Cost-effectiveness of ampicillin/sulbactam versus cefoxitin in the treatment of pelvic inflammatory disease

Michael A. Wynd, David L. Hemsell, Joseph A. Paladino

Research output: Contribution to journalArticle

3 Citations (Scopus)

Abstract

Objective: To determine whether ampicillin/sulbactam or cefoxitin is the more cost-effective antibiotic for treating women with acute pelvic inflammatory disease. Methods: A retrospective pharmacoeconomic analysis of a prospective, randomized clinical trial was conducted from the hospital perspective, comparing ampicillin/sulbactam to cefoxitin in the treatment of women with acute pelvic inflammatory disease. Cost-effectiveness analysis was used to characterize, measure, and compare costs and potential economic differences between treatment regimens. Sensitivity analysis was used to alter the key variables in the economic model to test the strength of the decision. Results: Seventy-six women treated with ampicillin/sulbactam (3 g intravenously (IV) every 6 hours) and 41 women treated with cefoxitin (2 g IV every 6 hours) evaluated for efficacy in the clinical trial comprised the economic analysis. The two groups were similar in demographic characteristics and adverse events. Ampicillin/sulbactam was more effective than cefoxitin (P = 0.05) in the clinical trial. The mean cost of treatment per patient in the ampicillin/sulbactam group, $4,940 was less than that in the cefoxitin group, $5,583 (P < 0.001). Sensitivity analyses varying drug acquisition cost or hospital per diem did not alter the economic decision; ampicillin/sulbactam was less costly than cefoxitin across all levels of cost comparison. Varying clinical success rates revealed that cefoxitin would need to be 7% more effective than ampicillin/sulbactam in order to change the economic decision in favor of cefoxitin. Conclusion: Ampicillin/sulbactam was cost-effective compared to cefoxitin for the treatment of acute pelvic inflammatory disease in this patient population.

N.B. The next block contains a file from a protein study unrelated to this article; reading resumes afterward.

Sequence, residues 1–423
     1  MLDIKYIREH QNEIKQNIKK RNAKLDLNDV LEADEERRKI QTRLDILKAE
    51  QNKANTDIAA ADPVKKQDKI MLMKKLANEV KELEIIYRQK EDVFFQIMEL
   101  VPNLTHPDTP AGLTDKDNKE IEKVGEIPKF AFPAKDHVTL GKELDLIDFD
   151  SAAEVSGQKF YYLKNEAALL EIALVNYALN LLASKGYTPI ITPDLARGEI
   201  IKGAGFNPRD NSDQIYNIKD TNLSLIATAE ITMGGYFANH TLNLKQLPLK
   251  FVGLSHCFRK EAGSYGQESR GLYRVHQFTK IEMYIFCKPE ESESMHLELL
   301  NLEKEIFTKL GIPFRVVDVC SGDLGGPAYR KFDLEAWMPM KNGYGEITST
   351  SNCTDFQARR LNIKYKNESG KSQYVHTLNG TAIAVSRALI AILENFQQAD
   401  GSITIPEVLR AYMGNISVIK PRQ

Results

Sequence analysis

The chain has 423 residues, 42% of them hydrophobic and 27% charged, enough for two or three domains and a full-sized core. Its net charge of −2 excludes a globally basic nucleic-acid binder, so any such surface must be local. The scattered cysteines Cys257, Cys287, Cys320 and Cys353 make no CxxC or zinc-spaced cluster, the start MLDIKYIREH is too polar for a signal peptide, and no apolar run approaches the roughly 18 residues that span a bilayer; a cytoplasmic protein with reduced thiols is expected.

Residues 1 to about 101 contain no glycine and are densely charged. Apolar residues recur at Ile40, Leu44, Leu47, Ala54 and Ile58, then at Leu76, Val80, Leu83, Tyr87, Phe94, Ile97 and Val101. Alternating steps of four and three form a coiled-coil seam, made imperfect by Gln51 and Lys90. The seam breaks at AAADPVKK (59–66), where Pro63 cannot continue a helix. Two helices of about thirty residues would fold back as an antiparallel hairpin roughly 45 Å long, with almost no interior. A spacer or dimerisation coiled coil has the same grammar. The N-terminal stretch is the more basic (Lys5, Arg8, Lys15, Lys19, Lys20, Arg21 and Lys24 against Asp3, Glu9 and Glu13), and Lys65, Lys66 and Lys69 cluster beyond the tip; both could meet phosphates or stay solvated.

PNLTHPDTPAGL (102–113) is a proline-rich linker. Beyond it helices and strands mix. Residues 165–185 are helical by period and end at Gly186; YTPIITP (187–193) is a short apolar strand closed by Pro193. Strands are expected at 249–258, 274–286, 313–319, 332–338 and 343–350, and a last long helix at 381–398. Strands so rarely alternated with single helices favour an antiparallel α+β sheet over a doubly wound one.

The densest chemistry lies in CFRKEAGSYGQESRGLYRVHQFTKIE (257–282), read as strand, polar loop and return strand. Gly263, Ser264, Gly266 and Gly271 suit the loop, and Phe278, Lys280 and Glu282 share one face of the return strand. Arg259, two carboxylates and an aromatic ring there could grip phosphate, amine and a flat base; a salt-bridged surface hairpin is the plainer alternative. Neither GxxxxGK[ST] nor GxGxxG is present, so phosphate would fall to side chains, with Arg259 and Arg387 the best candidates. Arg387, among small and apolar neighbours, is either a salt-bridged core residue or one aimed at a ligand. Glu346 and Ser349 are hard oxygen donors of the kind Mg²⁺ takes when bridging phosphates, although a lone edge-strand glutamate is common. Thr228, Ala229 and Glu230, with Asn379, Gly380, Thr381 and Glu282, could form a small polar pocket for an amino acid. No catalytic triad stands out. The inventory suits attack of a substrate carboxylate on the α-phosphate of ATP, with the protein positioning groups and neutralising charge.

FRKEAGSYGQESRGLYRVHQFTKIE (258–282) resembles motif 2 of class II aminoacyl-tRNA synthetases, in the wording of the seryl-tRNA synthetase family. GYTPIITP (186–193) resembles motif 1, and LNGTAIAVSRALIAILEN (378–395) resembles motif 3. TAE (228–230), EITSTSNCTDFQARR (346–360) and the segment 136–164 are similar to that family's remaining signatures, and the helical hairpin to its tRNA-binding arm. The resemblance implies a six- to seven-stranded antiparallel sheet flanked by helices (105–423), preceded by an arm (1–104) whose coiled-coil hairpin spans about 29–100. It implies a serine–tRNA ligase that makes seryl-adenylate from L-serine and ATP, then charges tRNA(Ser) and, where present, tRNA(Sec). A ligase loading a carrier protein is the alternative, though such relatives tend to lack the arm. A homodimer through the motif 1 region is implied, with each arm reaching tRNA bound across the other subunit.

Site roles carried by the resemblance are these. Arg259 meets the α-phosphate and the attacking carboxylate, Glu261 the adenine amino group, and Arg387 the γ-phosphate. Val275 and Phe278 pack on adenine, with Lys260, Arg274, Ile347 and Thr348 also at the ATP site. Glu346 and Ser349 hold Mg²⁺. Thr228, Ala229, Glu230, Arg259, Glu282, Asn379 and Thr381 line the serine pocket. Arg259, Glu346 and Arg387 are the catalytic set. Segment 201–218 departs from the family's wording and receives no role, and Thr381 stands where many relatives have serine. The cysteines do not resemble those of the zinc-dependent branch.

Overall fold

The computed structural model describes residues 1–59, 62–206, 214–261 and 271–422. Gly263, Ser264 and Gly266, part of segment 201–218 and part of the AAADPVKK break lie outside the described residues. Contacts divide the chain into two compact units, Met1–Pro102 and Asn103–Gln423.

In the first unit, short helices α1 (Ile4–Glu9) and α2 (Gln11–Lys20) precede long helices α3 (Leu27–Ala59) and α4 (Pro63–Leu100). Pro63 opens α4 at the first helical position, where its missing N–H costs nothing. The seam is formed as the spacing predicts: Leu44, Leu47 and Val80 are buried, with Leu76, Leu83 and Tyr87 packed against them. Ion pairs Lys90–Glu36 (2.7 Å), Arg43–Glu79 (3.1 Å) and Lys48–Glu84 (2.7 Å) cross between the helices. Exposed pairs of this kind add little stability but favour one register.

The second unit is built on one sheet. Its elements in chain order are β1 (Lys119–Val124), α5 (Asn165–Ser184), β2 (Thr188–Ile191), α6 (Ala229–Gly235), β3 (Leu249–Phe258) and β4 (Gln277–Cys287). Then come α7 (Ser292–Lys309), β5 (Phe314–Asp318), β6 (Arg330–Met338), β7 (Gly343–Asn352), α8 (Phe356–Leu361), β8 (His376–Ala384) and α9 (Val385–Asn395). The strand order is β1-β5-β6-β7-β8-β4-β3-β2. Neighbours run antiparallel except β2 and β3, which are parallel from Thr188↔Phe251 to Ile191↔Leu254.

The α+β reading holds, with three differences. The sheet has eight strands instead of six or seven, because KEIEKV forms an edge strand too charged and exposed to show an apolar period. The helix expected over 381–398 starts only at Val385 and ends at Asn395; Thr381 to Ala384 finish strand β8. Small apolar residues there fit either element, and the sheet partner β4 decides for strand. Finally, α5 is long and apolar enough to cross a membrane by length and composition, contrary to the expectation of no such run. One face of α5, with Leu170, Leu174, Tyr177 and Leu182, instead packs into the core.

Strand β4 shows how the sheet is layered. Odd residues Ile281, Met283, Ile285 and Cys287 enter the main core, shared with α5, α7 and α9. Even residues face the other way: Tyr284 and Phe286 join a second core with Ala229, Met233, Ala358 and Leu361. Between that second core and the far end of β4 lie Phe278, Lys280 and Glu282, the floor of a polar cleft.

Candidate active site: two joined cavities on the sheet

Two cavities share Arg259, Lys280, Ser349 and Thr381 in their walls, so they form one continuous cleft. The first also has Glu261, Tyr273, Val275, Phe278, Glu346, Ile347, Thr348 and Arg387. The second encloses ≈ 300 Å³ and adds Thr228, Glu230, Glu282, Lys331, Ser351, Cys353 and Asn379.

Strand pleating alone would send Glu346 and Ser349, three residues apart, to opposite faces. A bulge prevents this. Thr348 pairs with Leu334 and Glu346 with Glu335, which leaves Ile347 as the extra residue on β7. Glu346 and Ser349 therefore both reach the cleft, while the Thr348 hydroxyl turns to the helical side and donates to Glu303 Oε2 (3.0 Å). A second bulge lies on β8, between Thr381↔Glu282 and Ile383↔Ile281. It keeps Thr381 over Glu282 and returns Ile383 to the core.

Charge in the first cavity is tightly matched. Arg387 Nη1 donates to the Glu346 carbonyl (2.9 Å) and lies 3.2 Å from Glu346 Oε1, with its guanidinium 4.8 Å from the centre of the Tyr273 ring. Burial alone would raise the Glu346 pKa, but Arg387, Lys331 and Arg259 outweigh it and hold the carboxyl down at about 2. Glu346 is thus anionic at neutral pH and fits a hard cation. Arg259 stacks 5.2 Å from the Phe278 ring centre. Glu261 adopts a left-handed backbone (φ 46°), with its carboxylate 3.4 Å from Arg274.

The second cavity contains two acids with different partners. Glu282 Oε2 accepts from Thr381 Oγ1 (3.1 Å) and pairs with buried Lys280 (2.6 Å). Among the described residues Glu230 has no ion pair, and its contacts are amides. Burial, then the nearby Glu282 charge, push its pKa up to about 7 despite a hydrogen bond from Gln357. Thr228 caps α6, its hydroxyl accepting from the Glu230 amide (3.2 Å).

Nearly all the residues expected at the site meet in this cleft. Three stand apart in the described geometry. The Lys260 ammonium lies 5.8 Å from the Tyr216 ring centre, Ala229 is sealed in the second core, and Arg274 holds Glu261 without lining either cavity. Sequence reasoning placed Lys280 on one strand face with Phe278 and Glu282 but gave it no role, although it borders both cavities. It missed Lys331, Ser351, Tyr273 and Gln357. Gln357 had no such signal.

Original languageEnglish (US)
Pages (from-to)35-48
Number of pages14
JournalJournal of Infectious Disease Pharmacotherapy
Volume4
Issue number1
StatePublished - 1999

Fingerprint

Cefoxitin
Pelvic Inflammatory Disease
Cost-Benefit Analysis
Economics
Costs and Cost Analysis
Therapeutics
Clinical Trials
Economic Models
sultamicillin
Pharmaceutical Economics
Drug Costs
Health Care Costs
Randomized Controlled Trials
Demography
Anti-Bacterial Agents

Keywords

  • Antibiotic(s)
  • Female
  • Pharmacoeconomics

ASJC Scopus subject areas

  • Pharmacology
  • Microbiology (medical)

Cite this

Cost-effectiveness of ampicillin/sulbactam versus cefoxitin in the treatment of pelvic inflammatory disease. / Wynd, Michael A.; Hemsell, David L.; Paladino, Joseph A.

In: Journal of Infectious Disease Pharmacotherapy, Vol. 4, No. 1, 1999, p. 35-48.

Research output: Contribution to journalArticle

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abstract = "Objective: To determine whether ampicillin/sulbactam or cefoxitin is the more cost-effective antibiotic for treating women with acute pelvic inflammatory disease. Methods: A retrospective pharmacoeconomic analysis of a prospective, randomized clinical trial was conducted from the hospital perspective, comparing ampicillin/sulbactam to cefoxitin in the treatment of women with acute pelvic inflammatory disease. Cost-effectiveness analysis was used to characterize, measure, and compare costs and potential economic differences between treatment regimens. Sensitivity analysis was used to alter the key variables in the economic model to test the strength of the decision. Results: Seventy-six women treated with ampicillin/sulbactam (3 g intravenously (IV) every 6 hours) and 41 women treated with cefoxitin (2 g IV every 6 hours) evaluated for efficacy in the clinical trial comprised the economic analysis. The two groups were similar in demographic characteristics and adverse events. Ampicillin/sulbactam was more effective than cefoxitin (P = 0.05) in the clinical trial. The mean cost of treatment per patient in the ampicillin/sulbactam group, $4,940 was less than that in the cefoxitin group, $5,583 (P < 0.001). Sensitivity analyses varying drug acquisition cost or hospital per diem did not alter the economic decision; ampicillin/sulbactam was less costly than cefoxitin across all levels of cost comparison. Varying clinical success rates revealed that cefoxitin would need to be 7{\%} more effective than ampicillin/sulbactam in order to change the economic decision in favor of cefoxitin. Conclusion: Ampicillin/sulbactam was cost-effective compared to cefoxitin for the treatment of acute pelvic inflammatory disease in this patient population.",
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